fm, 24 hour broadcast began. It was wild and wonderful to hear
the voice of the community develop. As in any collective endeavor,
KZMU went through the normal growing pains of staff changes,
financial stability, DJ turnover and all the dynamic interactions
customary to a newly formed group. (KZMU still grows through
dynamic changes. They’re getting good at it). One of
the biggest early challenges was building a permanent studio.
In 1999, with plenty of community contribution and volunteer
labor, a modest but comfortable permanent station was completed.
The next hurdle was gigantic and last year, Moab Community
Radio crossed it. A long term capital improvement project saw
the station through a transmitter upgrade that allows 500 watts
of power, broadcast in high definition digital audio, 100%
wind powered (another rarity in the broadcast landscape). KZMU
streams live 24 hours a day on www.kzmu.org.
Now in its 14th broadcast year, there are 75 DJ’s, 20
substitutes and hundreds of ex-DJ’s in the community
that have all played a giant role in serving the needs of the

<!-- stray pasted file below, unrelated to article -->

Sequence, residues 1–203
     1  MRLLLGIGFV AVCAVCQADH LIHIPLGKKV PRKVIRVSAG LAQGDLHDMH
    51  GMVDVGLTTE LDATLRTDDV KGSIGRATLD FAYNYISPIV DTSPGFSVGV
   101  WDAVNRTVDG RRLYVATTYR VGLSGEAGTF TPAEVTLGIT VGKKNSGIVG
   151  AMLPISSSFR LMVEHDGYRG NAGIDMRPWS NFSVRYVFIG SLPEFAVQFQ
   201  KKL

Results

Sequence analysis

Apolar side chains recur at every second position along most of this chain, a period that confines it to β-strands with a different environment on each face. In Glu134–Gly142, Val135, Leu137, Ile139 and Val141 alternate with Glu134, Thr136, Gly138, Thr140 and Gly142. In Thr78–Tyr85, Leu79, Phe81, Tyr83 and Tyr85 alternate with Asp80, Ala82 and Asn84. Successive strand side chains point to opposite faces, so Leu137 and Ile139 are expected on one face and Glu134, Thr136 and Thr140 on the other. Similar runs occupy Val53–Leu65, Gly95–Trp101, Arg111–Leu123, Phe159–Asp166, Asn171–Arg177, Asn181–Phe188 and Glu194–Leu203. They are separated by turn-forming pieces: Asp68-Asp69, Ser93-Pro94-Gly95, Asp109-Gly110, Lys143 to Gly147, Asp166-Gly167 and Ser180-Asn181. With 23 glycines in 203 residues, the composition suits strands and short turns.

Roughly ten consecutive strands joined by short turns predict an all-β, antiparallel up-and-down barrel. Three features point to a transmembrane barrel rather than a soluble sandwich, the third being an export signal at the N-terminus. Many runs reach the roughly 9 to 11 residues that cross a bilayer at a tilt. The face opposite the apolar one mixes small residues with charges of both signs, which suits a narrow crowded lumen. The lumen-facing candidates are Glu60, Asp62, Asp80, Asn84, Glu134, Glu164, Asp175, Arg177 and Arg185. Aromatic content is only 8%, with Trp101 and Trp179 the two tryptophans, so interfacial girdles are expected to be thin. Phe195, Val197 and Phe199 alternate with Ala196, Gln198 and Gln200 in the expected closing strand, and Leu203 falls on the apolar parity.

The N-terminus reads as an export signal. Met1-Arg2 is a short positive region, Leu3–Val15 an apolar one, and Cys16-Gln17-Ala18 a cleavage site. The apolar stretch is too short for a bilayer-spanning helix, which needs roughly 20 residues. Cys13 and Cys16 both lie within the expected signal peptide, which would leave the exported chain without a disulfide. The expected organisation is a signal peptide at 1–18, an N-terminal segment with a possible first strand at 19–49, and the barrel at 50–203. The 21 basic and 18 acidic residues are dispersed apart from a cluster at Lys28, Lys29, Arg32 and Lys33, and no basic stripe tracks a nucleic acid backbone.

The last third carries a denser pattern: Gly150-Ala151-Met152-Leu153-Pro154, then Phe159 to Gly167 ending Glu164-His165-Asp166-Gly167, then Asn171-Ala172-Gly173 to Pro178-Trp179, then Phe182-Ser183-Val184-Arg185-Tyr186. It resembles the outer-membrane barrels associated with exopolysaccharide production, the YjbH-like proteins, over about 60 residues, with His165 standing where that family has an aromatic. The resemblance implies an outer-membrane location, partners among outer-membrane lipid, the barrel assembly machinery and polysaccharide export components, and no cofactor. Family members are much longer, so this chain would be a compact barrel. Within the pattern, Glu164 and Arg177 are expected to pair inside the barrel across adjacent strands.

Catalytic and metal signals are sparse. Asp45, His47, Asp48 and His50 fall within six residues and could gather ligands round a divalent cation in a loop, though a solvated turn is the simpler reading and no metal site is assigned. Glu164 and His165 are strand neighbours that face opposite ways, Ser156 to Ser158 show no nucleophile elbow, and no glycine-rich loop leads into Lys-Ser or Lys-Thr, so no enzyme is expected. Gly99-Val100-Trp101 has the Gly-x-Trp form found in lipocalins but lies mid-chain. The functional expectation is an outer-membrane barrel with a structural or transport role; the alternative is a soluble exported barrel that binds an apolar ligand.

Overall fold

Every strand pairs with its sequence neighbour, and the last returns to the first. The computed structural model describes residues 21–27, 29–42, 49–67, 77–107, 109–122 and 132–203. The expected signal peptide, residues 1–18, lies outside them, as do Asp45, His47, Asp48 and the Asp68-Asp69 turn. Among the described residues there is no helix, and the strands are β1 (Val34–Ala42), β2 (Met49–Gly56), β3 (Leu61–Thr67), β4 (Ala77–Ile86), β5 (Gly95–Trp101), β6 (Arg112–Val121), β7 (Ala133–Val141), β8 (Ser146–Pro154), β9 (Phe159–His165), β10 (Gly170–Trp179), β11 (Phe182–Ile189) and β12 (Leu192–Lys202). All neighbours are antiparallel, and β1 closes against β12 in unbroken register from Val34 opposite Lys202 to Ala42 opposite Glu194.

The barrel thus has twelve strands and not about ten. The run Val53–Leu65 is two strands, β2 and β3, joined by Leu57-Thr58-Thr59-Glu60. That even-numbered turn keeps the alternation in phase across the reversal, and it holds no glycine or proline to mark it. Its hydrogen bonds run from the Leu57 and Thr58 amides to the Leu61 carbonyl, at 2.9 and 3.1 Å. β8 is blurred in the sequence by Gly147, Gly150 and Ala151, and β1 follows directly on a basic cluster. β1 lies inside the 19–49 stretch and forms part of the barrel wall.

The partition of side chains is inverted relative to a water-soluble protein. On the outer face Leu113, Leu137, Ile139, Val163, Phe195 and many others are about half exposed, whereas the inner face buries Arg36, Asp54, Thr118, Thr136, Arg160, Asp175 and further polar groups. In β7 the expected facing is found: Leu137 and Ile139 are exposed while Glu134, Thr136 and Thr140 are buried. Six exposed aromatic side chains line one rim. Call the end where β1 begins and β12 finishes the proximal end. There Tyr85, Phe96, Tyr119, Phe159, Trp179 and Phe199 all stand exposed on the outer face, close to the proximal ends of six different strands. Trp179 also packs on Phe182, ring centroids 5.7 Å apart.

community. Striving to make a difference, KZMU is one of the
only stations in the country to broadcast City Council meetings
live. KZMU also offers open access interview shows such as
This week in Moab (Mondays 5-6pm) and Free Speech Friday (Fridays
5-6pm). The station is also very committed to Moab’s
youth in training young broadcasters as a sound partner and
a member of the Voices of Youth with Art Coach Bruce Hucko.
It has been called AudioDemocracy at a time when American culture
experiences erosion of freedoms and constitutional rights of
all kinds. This free, public air time is utilized by almost
every non-profit organization in town to help promote their
events and convey their mission. It is a rare joy and a privilege
to access public airtime; volunteers create a musical offering
within a supportive managerial atmosphere…. And it happens
with a very small operating budget. Contrary to the controlled
formats of other radio stations, KZMU has mostly 2-hours shows
that rely on the creative talents of its on air volunteers.